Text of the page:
In the Nacra 17, the New Zealand Olympic nomination became more certain on the final day with Micah Wilkinson and Erica Dawson placing seventh in the 34 boat fleet.

A collective crew shuffle, last year, amongst three of the New Zealand Nacra 17 crews has seen the whole fleet take a slide backwards from the 2016 Olympics where Gemma Jones and Jason Saunders finished 4th, after winning the Medal Race. Jones was the top placed female helm. The pair got off to a bad start in the opening day of the 2018 World Championships in Aarhus, Denmark with a boat breakdown resulted in them coming away with two maximum points DNF's on their scorecard.

They recovered to finish 12th overall in that regatta, just one place behind NZ's Micah Wilkinson and Olivia Mackay whose performance qualified New Zealand for the 2020 Olympics.

The top three Kiwi crews, all changed from those who had competed in the 2018 Worlds 16 months earlier, placed 17, 19 and 20 in the 2019 Worlds in Auckland. While each had their highpoints, it was a disappointing collective performance.

In Geelong with the 2020 regatta at the half-way stage, Micah Wilkinson and Erica Dawson lay in fifth place overall - one of a group of four boats contesting third overall - covered by a spread of just two points. But in the fresh breeze of the Medal Race they finished 10th in the 10 boat fleet for seventh overall. 2016 Gold medalists Santi Lange and Cecilia Carranza were 10th overall.

Weed in the water at Geelong was a big factor. It may be that the Olympic selectors have to unravel the placings and check for any that were weed affected. With Enoshima expected to be a moderate to fresh air regatta, rescoring the two worlds for moderate to fresh breeze results could be another option.

Sailing at the northern end of Melbourne's Port Phillip, Olympic Bronze medalist Sam Meech and Thomas Saunders have picked up from where they left off at the World Laser Championships last July in Enoshima. Currently, they lie eighth and tenth place respectively. George Gautrey who beat both in the 2019 Worlds, is back in 20th overall after nine races have been sailed.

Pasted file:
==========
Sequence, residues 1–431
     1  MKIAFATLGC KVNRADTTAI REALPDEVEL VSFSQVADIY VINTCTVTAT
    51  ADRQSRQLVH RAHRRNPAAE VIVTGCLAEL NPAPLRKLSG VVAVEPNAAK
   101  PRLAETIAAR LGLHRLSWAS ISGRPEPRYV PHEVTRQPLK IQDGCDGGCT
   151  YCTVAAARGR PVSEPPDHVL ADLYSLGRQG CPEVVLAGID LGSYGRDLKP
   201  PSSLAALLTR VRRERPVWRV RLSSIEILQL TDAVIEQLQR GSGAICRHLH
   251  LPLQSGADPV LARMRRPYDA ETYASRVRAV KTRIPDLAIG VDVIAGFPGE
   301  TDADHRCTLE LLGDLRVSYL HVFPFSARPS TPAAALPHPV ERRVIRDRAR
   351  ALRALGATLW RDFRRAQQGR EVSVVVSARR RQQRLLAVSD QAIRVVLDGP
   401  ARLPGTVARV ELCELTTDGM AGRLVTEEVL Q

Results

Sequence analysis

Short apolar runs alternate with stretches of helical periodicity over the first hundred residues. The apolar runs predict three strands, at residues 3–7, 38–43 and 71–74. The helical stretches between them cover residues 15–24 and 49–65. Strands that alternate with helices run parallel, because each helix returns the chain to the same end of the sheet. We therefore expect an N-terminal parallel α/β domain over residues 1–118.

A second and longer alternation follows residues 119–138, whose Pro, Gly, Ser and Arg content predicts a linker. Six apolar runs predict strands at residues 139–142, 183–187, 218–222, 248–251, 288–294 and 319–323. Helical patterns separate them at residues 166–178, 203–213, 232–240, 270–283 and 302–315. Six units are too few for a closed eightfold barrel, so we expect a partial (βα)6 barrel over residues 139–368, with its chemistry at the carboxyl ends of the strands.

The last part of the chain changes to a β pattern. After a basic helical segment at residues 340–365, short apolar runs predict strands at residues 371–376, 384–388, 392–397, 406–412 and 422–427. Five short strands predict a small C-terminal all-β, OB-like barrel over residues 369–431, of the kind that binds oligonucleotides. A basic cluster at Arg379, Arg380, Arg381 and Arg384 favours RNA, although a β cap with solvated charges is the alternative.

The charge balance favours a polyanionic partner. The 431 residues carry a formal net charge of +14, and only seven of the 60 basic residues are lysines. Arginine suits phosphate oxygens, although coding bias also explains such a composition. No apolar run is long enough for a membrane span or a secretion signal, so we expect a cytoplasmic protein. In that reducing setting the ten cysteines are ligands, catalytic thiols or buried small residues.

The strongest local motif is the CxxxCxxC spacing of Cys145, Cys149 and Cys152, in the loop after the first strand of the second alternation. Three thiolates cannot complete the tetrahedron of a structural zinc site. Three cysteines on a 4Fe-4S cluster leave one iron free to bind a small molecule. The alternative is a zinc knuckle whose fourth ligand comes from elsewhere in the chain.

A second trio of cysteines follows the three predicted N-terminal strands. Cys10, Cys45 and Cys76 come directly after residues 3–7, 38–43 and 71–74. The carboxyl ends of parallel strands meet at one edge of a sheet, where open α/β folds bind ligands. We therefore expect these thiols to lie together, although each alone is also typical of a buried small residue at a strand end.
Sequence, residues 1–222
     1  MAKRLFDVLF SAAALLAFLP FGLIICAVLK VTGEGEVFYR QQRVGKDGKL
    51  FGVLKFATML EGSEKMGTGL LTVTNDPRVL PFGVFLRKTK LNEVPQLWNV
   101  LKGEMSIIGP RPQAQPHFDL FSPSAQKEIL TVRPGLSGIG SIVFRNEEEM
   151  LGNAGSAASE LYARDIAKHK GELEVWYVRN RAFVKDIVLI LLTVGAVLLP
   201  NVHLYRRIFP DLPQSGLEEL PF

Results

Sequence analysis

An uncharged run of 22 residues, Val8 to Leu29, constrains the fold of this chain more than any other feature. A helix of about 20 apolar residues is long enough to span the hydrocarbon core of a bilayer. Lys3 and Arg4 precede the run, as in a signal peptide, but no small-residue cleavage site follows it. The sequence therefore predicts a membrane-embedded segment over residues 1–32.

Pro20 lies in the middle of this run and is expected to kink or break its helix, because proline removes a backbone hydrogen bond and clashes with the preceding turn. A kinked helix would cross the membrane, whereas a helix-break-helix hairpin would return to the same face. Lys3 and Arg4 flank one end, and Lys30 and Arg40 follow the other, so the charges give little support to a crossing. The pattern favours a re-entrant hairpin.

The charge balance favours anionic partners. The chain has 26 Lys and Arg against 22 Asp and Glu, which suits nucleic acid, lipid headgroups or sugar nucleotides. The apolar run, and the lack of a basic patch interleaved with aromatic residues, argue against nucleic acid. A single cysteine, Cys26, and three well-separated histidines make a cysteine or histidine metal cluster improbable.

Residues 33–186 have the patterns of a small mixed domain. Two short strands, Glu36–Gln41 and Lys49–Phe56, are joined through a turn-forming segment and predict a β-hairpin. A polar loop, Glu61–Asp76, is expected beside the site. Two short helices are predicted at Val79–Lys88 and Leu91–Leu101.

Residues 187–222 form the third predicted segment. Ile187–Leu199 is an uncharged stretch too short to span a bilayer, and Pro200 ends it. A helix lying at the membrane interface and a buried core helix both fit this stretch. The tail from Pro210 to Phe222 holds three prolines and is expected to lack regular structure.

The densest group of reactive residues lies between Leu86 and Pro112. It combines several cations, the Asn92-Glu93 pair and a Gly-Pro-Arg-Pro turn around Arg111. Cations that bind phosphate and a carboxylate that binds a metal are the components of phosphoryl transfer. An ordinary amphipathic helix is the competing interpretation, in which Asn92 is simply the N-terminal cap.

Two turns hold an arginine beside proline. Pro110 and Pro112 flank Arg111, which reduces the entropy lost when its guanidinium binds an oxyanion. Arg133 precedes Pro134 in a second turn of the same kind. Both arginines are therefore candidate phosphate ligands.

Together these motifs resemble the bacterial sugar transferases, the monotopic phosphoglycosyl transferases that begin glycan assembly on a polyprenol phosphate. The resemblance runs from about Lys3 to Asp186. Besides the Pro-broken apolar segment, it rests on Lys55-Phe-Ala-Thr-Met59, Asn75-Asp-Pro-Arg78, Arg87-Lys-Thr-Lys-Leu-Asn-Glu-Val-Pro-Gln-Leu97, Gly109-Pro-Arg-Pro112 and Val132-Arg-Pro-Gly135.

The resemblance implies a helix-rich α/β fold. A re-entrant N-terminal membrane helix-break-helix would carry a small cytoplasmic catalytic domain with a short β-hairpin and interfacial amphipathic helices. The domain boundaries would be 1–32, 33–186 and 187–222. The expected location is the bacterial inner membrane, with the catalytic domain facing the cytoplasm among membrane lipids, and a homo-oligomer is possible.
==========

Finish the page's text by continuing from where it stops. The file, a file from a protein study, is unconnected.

The Laser is probably the hardest to pick at this stage - a stellar performance in Melbourne from one of those three Kiwis should sway the Olympic selectors, unless they decide to pick on past results more than current form.

America's Cup Match Conditions confirmed

While sifting through an America's Cup website, mid-afternoon yesterday, the outcome popped up of the Mediation Hearing over wind limits for the 36th America's Cup and Prada Cup.

This shining light in the black cave of secrecy that surrounds America's Cup disputes, revealed that the parties had opted to meet halfway and settle on 23kts as the wind limit for the America's Cup. The Defender had sought 24kts and the Challenger 22kts for the Match and a lesser limit for the Prada Cup.

Quite what was achieved by the Challengers is a little hard to understand. The significance of a knot or two of True Wind Speed sailing in boats that are experiencing up to 60kts apparent, is dancing on the head of a pin.

Even more so adjusting the wind speed for the tidal direction and speed being experienced on the Committee Boat based not on a reading on the boat, but on the basis of a forecast published over a month before the start of the Prada Cup. The rule is baffling at best.

Live mainstream TV coverage of the premier New Zealand Match Racing was discontinued after one series in which the race officer refused to start in conditions that were eminently sailable but not to the liking of a race officer who sought near-perfection. And after a couple of hours of inexplicable delay, normal programming resumed, never to return. The TV Producer, who was very sailing sympathetic, was still fuming the day after when called for his views on the situation and said his recommendation would be to not cover that event in the future, which is what happened.